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David Vincent Carson v. D.G. Adams

January 14, 2013


The opinion of the court was delivered by: Christina A. Snyder United States District Judge


Pursuant to 28 U.S.C. § 636, the Court has reviewed the petition, records on file, and the Report and Recommendation of the magistrate judge. Further, the Court has engaged in a de novo review of those portions of the Report to which Petitioner has objected. The Court accepts the findings and recommendation of the magistrate judge.

In the first section of his objections, Petitioner lists 15 points in which he disputes portions of the Report. (Objections at 2-5.)

Many findings challenged as erroneous by Petitioner are not findings made by the magistrate judge but by the California Court of Appeal. (See Objections, Item Nos. 1, 2, 4, 5, 7, 8, 10, and 15.) The magistrate judge set forth the statement of facts from the Court of Appeal's opinion but also stated: "To the extent an evaluation of Petitioner's claims for relief depends on an examination of the record, the court has made an independent evaluation of the record specific to Petitioner's claims for relief." (Report at 3.) Throughout the Report, the magistrate judge extensively cited the record. (Id. at 12, 13-15, 15-17, 21-27, 28-29, 30, 34, 34-36, 37-38, 39, 42, 45, and 46.) In general, Petitioner does not explain why the disputed items are material to his grounds. (See, e.g., Objections, Item Nos. 1, 3, 6, 11, 12, and 13.) In many instances, Petitioner's arguments are wrong, immaterial, or both. (See, e.g., Id., Item Nos. 1, 3, 6, 7, 8, 12, and 14.)

In Item No. 1, Petitioner argues that page 4 of the Report states that Rodriguez's (the murder victim) apartment is on Otsego. (Objections at 2.) This is a finding by the Court of Appeal. Petitioner states that Rodriguez's apartment was actually at 12249 Oxnard Street. (Id.) To the extent Petitioner interprets the relevant sentence from the Court of Appeal's decision correctly, Petitioner is right. (See Lodged Document ("LD") 23 at 2110.) However, Petitioner does not explain how the alleged error by the Court of Appeal is material to any of his claims. Nor does the Report rely on the incorrect address for any of its reasoning.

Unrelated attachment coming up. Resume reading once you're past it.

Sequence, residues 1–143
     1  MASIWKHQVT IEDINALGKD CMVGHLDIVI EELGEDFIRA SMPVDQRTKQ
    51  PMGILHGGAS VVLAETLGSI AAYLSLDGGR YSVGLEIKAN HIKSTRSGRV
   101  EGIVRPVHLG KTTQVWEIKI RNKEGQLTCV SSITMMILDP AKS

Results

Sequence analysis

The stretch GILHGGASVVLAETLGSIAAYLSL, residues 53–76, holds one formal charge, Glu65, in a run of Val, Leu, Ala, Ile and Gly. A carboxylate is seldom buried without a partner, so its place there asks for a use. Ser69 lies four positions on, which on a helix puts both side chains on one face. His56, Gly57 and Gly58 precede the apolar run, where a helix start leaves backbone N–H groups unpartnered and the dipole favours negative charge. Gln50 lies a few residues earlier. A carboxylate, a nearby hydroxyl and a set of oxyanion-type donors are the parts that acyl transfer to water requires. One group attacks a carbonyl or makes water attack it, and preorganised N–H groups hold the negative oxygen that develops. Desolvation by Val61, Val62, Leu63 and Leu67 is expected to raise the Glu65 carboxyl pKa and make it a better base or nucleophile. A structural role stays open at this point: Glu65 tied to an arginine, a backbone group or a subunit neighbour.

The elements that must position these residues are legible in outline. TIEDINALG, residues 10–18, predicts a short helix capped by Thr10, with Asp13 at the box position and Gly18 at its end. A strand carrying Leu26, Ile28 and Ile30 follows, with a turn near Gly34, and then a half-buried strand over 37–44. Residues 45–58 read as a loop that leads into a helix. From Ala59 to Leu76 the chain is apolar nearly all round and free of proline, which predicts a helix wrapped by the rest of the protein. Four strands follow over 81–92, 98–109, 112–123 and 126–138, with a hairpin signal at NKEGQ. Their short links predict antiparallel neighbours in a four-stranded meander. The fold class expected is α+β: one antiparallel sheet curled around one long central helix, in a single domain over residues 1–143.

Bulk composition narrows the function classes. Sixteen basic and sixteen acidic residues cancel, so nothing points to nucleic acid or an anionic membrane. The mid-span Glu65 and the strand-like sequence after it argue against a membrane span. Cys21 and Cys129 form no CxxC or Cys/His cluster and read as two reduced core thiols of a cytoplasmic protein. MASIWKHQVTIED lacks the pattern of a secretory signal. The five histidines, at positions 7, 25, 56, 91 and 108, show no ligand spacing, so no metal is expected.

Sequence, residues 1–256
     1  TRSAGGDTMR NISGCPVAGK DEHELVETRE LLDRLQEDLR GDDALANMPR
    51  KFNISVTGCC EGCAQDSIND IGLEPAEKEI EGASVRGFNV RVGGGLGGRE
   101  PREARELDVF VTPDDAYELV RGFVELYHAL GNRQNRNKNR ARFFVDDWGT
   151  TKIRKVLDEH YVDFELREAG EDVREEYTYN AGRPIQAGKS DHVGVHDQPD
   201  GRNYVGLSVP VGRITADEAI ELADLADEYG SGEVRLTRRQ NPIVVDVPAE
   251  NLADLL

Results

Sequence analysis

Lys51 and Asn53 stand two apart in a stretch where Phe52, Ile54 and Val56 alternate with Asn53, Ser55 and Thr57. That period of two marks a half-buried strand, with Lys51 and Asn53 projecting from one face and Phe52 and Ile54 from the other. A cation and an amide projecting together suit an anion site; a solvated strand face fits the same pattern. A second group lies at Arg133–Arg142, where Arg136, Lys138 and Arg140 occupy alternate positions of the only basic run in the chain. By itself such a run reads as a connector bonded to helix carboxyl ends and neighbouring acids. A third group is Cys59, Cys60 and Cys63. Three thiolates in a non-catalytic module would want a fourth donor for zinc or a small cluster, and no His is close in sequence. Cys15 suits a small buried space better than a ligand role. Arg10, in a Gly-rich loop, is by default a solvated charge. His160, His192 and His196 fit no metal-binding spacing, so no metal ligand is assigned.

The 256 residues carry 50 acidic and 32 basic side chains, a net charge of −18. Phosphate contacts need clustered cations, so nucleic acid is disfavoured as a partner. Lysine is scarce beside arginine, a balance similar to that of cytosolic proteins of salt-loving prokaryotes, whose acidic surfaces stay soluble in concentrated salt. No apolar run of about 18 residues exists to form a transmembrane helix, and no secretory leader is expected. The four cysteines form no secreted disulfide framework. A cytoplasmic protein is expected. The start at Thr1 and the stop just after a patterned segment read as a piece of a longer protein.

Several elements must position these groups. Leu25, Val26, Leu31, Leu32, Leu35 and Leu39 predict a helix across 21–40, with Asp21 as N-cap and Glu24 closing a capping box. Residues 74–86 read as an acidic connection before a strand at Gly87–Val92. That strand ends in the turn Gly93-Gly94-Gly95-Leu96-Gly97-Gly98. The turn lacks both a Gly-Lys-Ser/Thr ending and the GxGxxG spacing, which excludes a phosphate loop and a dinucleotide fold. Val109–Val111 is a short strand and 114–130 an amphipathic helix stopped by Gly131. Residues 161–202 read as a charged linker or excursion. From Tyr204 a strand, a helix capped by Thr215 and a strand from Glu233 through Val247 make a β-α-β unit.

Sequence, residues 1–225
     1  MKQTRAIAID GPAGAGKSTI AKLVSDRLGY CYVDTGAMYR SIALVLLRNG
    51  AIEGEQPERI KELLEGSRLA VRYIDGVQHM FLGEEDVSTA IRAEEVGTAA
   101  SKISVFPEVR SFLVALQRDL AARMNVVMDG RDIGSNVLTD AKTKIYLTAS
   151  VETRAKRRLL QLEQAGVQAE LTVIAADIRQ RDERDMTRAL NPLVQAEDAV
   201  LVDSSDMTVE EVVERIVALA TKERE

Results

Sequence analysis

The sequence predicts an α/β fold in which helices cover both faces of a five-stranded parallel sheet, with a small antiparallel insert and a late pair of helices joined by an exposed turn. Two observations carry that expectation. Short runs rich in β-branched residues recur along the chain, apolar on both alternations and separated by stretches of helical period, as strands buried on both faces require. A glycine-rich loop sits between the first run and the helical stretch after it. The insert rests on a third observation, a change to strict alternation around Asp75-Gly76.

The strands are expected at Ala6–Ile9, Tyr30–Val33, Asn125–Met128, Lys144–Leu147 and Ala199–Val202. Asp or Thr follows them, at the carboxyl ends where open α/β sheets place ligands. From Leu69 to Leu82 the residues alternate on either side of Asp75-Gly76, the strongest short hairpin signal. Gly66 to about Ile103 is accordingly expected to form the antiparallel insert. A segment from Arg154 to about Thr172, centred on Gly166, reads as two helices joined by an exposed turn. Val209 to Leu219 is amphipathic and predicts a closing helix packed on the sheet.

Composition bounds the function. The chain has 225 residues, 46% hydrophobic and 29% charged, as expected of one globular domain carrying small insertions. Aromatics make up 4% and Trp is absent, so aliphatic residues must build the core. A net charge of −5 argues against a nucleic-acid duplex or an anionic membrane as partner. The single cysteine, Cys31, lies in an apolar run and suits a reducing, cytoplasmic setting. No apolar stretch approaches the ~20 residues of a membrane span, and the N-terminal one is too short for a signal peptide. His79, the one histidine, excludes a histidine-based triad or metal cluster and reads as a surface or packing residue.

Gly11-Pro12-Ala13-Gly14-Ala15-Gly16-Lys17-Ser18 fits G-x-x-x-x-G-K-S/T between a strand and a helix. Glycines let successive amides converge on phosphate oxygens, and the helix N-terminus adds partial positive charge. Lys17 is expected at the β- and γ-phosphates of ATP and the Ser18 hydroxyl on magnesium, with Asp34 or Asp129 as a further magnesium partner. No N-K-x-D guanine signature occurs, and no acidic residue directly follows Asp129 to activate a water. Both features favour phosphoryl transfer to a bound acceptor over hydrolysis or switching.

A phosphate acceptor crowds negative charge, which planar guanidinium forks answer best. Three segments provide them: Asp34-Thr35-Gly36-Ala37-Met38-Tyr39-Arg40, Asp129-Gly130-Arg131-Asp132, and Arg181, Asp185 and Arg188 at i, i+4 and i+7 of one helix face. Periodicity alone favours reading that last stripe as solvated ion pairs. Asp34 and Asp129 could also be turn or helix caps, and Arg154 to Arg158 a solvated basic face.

In Item No. 3, Petitioner objects to page 22 of the Report. (Objections at 2.) He argues that O'Donnell, a witness who found Rodriguez's body and called 911, did not call the fire department and the fire department did not arrive within five minutes of her call. (Id.) He also argues that the fire department was not dispatched "after" O'Donnell's call. (Id.)

O'Donnell testified she saw Rodriguez slumped over the wheel of his car and then called 911. She did not say when she called. (LD 23 at 940.) Petitioner says she could not have called the fire department at 11:41 p.m. (Objections at 2.)*fn1 Petitioner's argument that O'Donnell did not call the fire department (as opposed to 911) at 11:41 p.m. is correct. However, the Report does not say she did. O'Donnell testified she did not know "who called the fire department." (LD 23 at 944.) O'Donnell did not say the fire department was dispatched at 11:43; Daniel Thompson, a fire department official testified to that fact. (LD 23 at 1025.) Petitioner argues the fire department had to have arrived "approximately 1-1.5 minutes into [O'Donnell's] call," not "afterwards." (Objections at 2.) Petitioner does not identify how his allegations are material.